inuy large and .Ijicy simoleons has beeni invaded by a inaur
arder, a worldly businesslike plerson, wholi. I ill siays ldai ilive
ly, is out merely to make money for hinmsell'."
Little cwolnder that Bill Campbell. the tireless searcher for
those iof' weak inentality and well-filled purses, who fall into
a trance when Hill makes a cou.ple passe. with the flag, is
lpreved that, what hlie regards as his own special graft. muast
he cut fitly-'fifty.
()It heart is with Bill in this, his h11,tr oi trial, but such
lhings are bould In haplleni.
lIeilorable as it may be, cou.mpeilioim inevitably arises in
these luerative indtlustries.
\e lfear lthai much as we w\\'olhd like to assist the unselfish
William in his noble wo'rk of comlbaltitn everything in the
ntllre of porogress, that in this partictIlar matter we can be
of but little material aid.
Comtpetition is tile life of trade. T're field worked by these
(.ll-rest Iaborers inl the vineyard is a rihlt one, for it appears
It at evei lthe hard-headed banker fall; ail easy prey to the
'edlctive wiles oif tlhe inigraliating \\'illiatu.
Live and let live is ai good maxim andl \\w see no reason why
Mr. Campbell should cause the arrest an.l incarceration of a
l'etlae'. :prolphot:ewho, perhaips in a hlinutle way, is trying to
I servc'tilho.saim. grod worshipped by thlie levoi'ttl William.
The iname of the god is Mamnmoit. 'IThe sixth floor is his
\While the farmers and workers we\\te ;nuctioning off their
SIt litical strength to one of tlhe old pa'nic. I tlie special interests
stood behind the scenes and said: "Tlnys. y,, can promise all
Syou waanl to. but you can't deliver more htian 30 cents' worth.''
1 Thil's iwhy lthe people have never gotten iure than 30 cents'
Swort .l of replresentation front the old Irlites.
They dtlo say that even being born in Missouri might not
S.preclude a man from being an efficient pablic servant.
1, The fictlion of the consumer is to Ite csumed.
OPEN FORUM 1
This Column is conducted for
and a.itten by Bulletin readers.
If you have any suggestions to of
fer for the betterment of condi
tions in which the public in inter
ested, the Bulletin offers you this
opportunity for their expression
and interchange of comment with
your neighbors and friends.
Properly to protect this Open
Forumi all communications !hust
be signed with the name and ad
dress of the writer, but anony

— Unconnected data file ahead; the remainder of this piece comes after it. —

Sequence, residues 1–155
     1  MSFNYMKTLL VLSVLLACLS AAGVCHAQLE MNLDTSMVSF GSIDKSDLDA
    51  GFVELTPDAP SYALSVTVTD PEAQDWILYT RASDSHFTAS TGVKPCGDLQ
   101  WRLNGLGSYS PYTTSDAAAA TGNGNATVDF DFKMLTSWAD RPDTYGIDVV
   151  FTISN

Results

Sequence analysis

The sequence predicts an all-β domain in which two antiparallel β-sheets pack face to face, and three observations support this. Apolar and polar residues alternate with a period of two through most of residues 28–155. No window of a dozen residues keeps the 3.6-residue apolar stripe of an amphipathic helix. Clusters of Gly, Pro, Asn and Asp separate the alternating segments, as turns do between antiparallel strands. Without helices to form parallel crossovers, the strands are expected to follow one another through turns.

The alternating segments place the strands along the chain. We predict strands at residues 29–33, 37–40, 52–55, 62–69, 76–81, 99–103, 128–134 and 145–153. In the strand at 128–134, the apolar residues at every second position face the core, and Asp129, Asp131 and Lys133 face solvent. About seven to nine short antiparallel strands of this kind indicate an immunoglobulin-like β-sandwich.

mous signatures will be used in
the col inf reques . ,ress
all ce cations 'thbi Iitor
of the B lltin and please be brief
and to the point.
THE MAYORALTY CONTEST.
Citizens of Butte! On the 24th
day of March the question of local
government will be up for you to
determine. President Lincoln said
at the close of the Civil war: "The
war has closed, but I see a power
rising in this country, and I fear for
its future." How prophetic was th.
vision of this greatest of all Ameri
cans! That power has fastened one
of its tentacles upon industrial Butt-.
In the past 30 years it has woven it:;
slimy folds about the lives of the
people in such a manner, that th"
chosen servants of the people are
subjected to influences that are de
grading to themselves, and demoral
izing to the public welfare. Puny
creatures, who have been elected to
positions of trust by the confiding
and trustful people, due to the
boisterous professions of their loyalty
to the people's interests, though ac
tuated solely by deceit, greed and cu
pidity for fame at the public's ex
pense are now offering upon the auc
tion block the power of the people
that they may thieve and prosper at
the hands of those who seek to domi
nato the free will of a city, county
-One-half a century ago, Butte was
a deserted mining camp. Its popu
lation then was men and women, who
braved the dangers of the thenl
sparsely settled west. They feared
nothing but the wild beast and sav
age red men. Here they planted the
foundation of the city of Butte and
the state of Montana. Fifty years
have passed away and the new city
and new state are in the constant
throes of corporation terrors, aided
by their private army of gunmen.
Corporations are creatures of law
and exist only through the tolerance
of the people. They must be com
pelled to live under the laws of the
state in which they operate. They are
not endowed with legislative powel
outside of making rules regulating
their corporate "management and
subject to the laws of the state.
Whenever they exceed these laws by
overriding the free and untram.
melled exercise of the sacred rights
of citizenship their charters should
The people are awakening to the
pernicious practices of many years'
standing. Thejr are contemplating
the initiation of a law that will abol
ish private armies within the state
of Montana. Another law will be in
itiated abolshing the rustling card
system, which is the most un-Ameri
can instrument ever forced on a citi.
zen of these United States and an in
sult to the founders of our govern
The decent people of Butte have,